By JR. Jowett reporting from ringside: Brooklyn promoter Dmitriy Salita brought a card to Turning Stone Casino in Verona, NY, 4/15/16. In a scheduled 8, Mason Menard, 135, Rayne, LA, 31-1 (23), destroyed Eudy Bernardo, 135 ½, Santo Domingo, DR, 21-1 (15), in the third of a scheduled 8.
In a scheduled 8, Mason Menard, 135, Rayne, LA, 31-1 (23), destroyed Eudy Bernardo, 135 ½, Santo Domingo, DR, 21-1 (15), in the third. What seemed an even match on paper proved anything but, as the cool, poised Louisianan walked down the tall, lanky Dominican. Bernardo could never get his offense going as the stalking Menard moved smartly inside Eudy’s long reach. In the second, standing up straight along the ropes, Bernardo had his neck snapped by a ripping right uppercut, sending him reeling along the strands. An overhand right sent him to the canvas in distress, but he survived the round. Not for long! In round three, Eudy was turned partially sideways along the ropes, left arm dangling, when Mason came over the top with a screaming right hand that poleaxed Bernardo to the floor, stiff as a board before he touched down. Referee Benjy Esteves had no need to count, KO at 2:11. Bernardo had to be removed on a stretcher. Thankfully, Eudy has been reported in good condition.
In the main event 10, Nikolay Potapov, 117, Podolsk, Russia, 14-0-1 (6), was lucky to get a majority draw against Stephon Young, 116 ½, St. Louis, 14-0-3 (6). The bout was not a barn burner, but held the crowd’s interest with a close contest throughout. Both had similar styles, compact, medium-range mixing, with Young a southpaw. Potapov set the early pace, but when Young rocked him with a southpaw straight left late in the third, the pace changed. Stephon became the aggressor with the Russian boxing a rear guard action, the rounds still close. Young closed the show in the sixth when a right hook sent Nikolay reeling and brought up the crowd. Potapov scored one jolting right in the seventh and then began to turn the action in the eighth. Nikolay became the aggressor, Stephon boxing in retreat. Round nine saw the action escalate, Potapov hanging tough early but Young getting on a roll that brought up the crowd to the bell. That round seemed enough to insure the win despite a comeback by Nikolay in a close final round. But while Don Trella awarded the contest to Potapov, 96-94, John McKaie and Glen Feldman made it an official draw, 95-95. Charlie Fitch refereed.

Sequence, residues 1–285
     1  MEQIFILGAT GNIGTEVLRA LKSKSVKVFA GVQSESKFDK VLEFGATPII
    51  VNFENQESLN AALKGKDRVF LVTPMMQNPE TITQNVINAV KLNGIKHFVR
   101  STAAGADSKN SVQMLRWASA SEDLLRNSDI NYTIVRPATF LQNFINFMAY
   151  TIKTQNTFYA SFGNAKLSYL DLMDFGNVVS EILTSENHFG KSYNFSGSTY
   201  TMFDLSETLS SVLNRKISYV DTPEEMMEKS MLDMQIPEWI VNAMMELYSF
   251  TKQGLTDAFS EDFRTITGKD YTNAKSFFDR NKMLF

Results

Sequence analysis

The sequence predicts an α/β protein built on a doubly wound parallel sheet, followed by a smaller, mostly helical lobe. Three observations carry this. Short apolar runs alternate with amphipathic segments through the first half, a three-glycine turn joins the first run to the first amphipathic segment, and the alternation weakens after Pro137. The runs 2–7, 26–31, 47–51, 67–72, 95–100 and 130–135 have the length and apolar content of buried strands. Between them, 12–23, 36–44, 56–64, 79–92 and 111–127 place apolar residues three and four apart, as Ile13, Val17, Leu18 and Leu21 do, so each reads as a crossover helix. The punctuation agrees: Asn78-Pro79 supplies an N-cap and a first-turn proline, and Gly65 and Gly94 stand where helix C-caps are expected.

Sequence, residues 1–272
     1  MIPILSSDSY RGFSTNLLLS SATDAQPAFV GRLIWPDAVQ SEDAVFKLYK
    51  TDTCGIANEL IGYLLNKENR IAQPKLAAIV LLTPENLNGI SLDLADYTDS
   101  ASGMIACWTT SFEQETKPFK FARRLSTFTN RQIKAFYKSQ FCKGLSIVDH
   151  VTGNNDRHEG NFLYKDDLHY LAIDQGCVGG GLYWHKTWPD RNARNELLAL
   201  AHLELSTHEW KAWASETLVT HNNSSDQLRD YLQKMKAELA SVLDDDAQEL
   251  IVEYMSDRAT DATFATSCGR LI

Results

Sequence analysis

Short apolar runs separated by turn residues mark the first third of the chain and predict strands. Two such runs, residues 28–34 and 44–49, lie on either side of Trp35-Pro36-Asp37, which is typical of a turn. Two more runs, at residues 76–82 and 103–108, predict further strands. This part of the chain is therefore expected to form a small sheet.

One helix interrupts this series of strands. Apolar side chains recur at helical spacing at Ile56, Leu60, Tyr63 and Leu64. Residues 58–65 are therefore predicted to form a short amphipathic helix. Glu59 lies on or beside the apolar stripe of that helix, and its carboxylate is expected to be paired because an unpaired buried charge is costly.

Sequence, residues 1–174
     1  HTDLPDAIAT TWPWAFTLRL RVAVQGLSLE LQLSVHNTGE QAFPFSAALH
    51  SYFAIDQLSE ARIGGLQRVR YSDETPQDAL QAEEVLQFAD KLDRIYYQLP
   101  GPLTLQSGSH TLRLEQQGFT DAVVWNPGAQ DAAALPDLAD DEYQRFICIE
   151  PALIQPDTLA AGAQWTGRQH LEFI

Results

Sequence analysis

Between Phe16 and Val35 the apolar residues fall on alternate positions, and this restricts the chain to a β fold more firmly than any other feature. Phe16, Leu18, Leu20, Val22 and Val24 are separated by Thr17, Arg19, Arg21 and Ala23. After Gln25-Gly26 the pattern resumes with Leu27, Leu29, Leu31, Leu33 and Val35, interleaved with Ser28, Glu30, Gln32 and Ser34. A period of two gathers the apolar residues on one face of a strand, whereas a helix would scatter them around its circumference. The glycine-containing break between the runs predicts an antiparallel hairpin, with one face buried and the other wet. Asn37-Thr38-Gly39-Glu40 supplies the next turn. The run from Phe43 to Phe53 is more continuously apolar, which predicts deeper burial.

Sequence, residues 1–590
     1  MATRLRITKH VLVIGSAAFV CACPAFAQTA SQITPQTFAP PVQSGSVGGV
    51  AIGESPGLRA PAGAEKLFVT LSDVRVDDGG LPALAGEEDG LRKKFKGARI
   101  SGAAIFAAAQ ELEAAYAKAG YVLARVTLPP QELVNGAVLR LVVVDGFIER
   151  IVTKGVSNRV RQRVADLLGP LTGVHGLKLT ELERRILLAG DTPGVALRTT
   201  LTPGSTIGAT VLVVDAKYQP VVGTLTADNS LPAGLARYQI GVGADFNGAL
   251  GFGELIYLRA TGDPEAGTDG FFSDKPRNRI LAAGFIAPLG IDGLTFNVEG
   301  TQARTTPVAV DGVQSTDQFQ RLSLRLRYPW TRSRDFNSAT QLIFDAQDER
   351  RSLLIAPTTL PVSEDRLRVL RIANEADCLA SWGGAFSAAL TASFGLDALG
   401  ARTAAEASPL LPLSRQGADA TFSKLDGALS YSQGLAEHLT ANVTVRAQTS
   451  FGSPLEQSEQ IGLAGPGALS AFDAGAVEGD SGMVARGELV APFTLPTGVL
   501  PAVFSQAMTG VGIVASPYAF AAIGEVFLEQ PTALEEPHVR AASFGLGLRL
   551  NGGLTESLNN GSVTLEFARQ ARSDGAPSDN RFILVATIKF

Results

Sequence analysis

In a terrible contest, Constantin Bejenaru, 198, Ungheni, Moldova, via Brooklyn, 11-0 (3), got the unanimous verdict over Alexey Zubov, 198, Magnitogorsk, Russia, via Detroit, 10-1 (6), eight. While the two looked menacing, they kept their distance and threw little but range finders that couldn’t find the range. Bejenaru landed little, but Zubov landed less, despite a fluke knockdown when he pushed the stumbling Bejenaru over with a right hand in round seven and referee Dick Pakozdi ruled it a punch. The southpaw Moldovan couldn’t keep his feet under him and at least three other times went to the canvas after wild misses. Still, he was the only one doing anything and clearly deserved the unanimous verdict. Feldman scored 77-74, Trella and McKaie 78-73.
Popular Nick Brinson, 164 ½, Rochester, 18-4-2 (8), needed a breather to get his career back on track, and he got it from Demetrius Walker, 164, KC, MO, 8-12-2 (4), in a scheduled six. Brinson walked purposefully in and banged hooks to head and body with bad intentions, bringing up his fans for the brief skirmish. Walker never got untracked under the intensity, covering up and letting Brinson bang away at will, until Esteves was forced to stop it at 2:05 of the opening round. Walker shook his head in mock contrition. Nick’s fans cheered.
It was a terrible contest in terms of execution but didn’t lack for drama, as Benjamin Whitaker, 145 ½, San Antonio, 11-2 (2), upset popular Tre’Sean Wiggins, 147, Newburgh, NY, 7-2 (6), by split decision, six. It didn’t promise much at the start, as the southpaw favorite won three tame rounds behind the right jab, even scoring a flash knockdown in the third when Whitaker lunged wildly off balance. But the visitor trudged steadily forward, throwing nothing but lead rights and gaining momentum. In the fourth, as Wiggins attempted to clinch, Whitaker evened the weird knockdowns with a cuffing right to the side of the head and doubled to the ribs. Wiggins went to a knee as if he had nowhere else to go, and Pakozdi gave a count. Ben upped the pressure in the fifth, reaching Tre’Sean with a series of right leads until he collapsed to the canvas and was barely able to get out of the round. With the fight on the line in the sixth, neither showed much initiative, and Wiggins managed a mild comeback. Don Ackerman gave Tre’Sean the verdict, 57-54, but Feldman and Tom Schreck both had Whitaker, 57-56. Wiggins stalked away in disgust, but it was a fair call.
He didn’t get the decision but he won the crowd as relentless spoiler Jesus Lule, 132, Ft. Myers, 8-17-1 (1), made a foil out of touted Dimash Niyazov, 134 ¼, Kazakhstan via Bensonhurst, Bklyn, 10-0-3 (4), in a good six. Lacking power, the underdog nonetheless attacked vigorously throughout. Slick counters dropped Lule twice, a right counter to a left hook to the body in round one and a sharp right uppercut as Jesus tried to duck inside in the second. But by the third, Jesus was giving Dimash all he wanted, and in the fifth had Niyazov hurt and yielding ground. The favorite rallied some in a close final round to steal the majority verdict, 57-55 from McKaie and Trella, while Wynn Kintz had it 56-56. Not a bad call, but the crowd booed and the short-ender played it up